COLMES: All right. Frank, we thank you very much for being with us once again tonight.

HANNITY: Thanks, Frank.

COLMES: And coming up, CNN's Republican debate infiltrated by a Democratic campaign operative. The so-called "most trusted name in news" asleep at the wheel and gets duped because of its lazy research. We will talk about it coming up.



COOPER: Bill Bennett earlier mentioned that he was getting some reports from friends of his on the Internet that Brigadier General Keith Kerr, who asked a question about gays in the military during this debate, was on a steering committee for Senator Hillary Clinton. That was certainly something unknown to us, and had we known that, it would have been disclosed by us. It turns out we have just looked at it. Apparently there was a press release from some six months ago.

Hillary Clinton's office saying that he had been named to some steering committee. We don't know if he's still on it. We're trying to find out that information. But certainly had we had that information, we would have acknowledged that in using his question if we had used it at all.


COLMES: That was CNN anchor Anderson Cooper, offering what seemed like a weak explanation for how a member of Hillary Clinton's steering committee was allowed to ask Republican candidates this question at last night's debate.


BRIG. GEN. KEITH KERR, U.S. ARMY (RET.): I want to know why you think that American men and women in uniform are not professional enough to serve with gays and lesbians.


COLMES: It seems "the most trusted name in news" didn't take the time to fact-check its citizen videos. A simple Google search would have showed General Kerr's partisan involvement. A statement from CNN now admits that the general should never have been allowed on the air.

But they found enough time to pay for his plane tickets, pay for his hotel and set it all up weeks in advance. They couldn't use the simplest of tools at their finger tips perhaps to find the press releases that tied him to the Clinton campaign. Well, joining us now, former House Majority Leader Tom DeLay, and chairman of the Democratic Leadership Council and FOX News contributor, Harold Ford Jr. We welcome back Mr. DeLay and let's start with Harold Ford here.

As the Democrat watching this, what were your thoughts when it came out that this particular individual was tied somehow to the Clinton campaign?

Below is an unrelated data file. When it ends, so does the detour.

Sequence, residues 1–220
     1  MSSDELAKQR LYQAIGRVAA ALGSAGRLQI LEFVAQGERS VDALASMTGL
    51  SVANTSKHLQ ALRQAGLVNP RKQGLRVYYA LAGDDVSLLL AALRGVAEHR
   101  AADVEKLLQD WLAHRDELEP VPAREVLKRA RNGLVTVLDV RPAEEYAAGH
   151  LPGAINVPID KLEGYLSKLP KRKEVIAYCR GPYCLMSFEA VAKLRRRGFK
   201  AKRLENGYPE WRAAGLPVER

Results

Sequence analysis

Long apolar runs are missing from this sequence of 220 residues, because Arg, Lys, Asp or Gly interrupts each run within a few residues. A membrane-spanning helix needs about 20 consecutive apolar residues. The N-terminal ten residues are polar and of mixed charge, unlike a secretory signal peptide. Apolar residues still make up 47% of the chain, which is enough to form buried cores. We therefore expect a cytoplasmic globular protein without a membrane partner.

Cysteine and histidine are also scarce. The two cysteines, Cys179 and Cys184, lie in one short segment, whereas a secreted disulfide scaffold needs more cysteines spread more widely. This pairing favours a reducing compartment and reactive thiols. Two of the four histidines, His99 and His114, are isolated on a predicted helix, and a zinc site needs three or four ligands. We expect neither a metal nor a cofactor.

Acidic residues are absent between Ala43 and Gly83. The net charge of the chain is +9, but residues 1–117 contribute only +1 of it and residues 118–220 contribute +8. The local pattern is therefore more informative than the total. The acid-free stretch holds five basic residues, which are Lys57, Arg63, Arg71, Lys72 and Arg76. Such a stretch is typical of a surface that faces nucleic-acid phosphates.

HAROLD FORD, FOX NEWS CONTRIBUTOR: It had to be an embarrassment for CNN. I have great respect for anybody that has served the country. And I would hope that CNN's apologies would go as they have obviously gone as far enough to say they wouldn't have done it had they known it. I'm not here to defend them, I'm a FOX and News Corp. employee.

But I thought the question was one that gave the various candidates an opportunity to express their views. And it's clear it's one that they believe is a differentiator between Republicans and Democrats. So, it was.

COLMES: I thought it was a good question.


FORD: End of the day, I thought it was a decent question. I just wish they had vetted it better.

COLMES: Congressman DeLay, I thought it was a good question. But you know, they should have put up on the screen or should have indicated in some way that there was a link so there were no questions about affiliations. And I think this would have gone away. It wouldn't have happened if at least we knew the background of the person asking the question.

TOM DELAY, FMR. HOUSE MAJORITY LEADER: Alan, it wasn't just this one incident of this general who is openly gay and asked a question. It had nothing to do with what people are thinking about today. It was the entire debate. The entire debate showed that CNN has a complete disdain for our presidential election process. They have a disdain for politicians in general. To start the whole debate with that silly outrageous song.

COLMES: I thought it was funny.

DELAY: I hope they are going to have that song -- a song like that for the Democrats. They picked -- out of 5,000 questions, they picked these questions that reflected their agenda, had nothing to do with what the agenda that is being debated within the Republican primary and the Republican Party is outrageous.

COLMES: What, immigration is being debated, isn't that one of the big issues? A number of things came up that are very much in play. And by the way, the Democrats had that snowman, Congressman, remember that?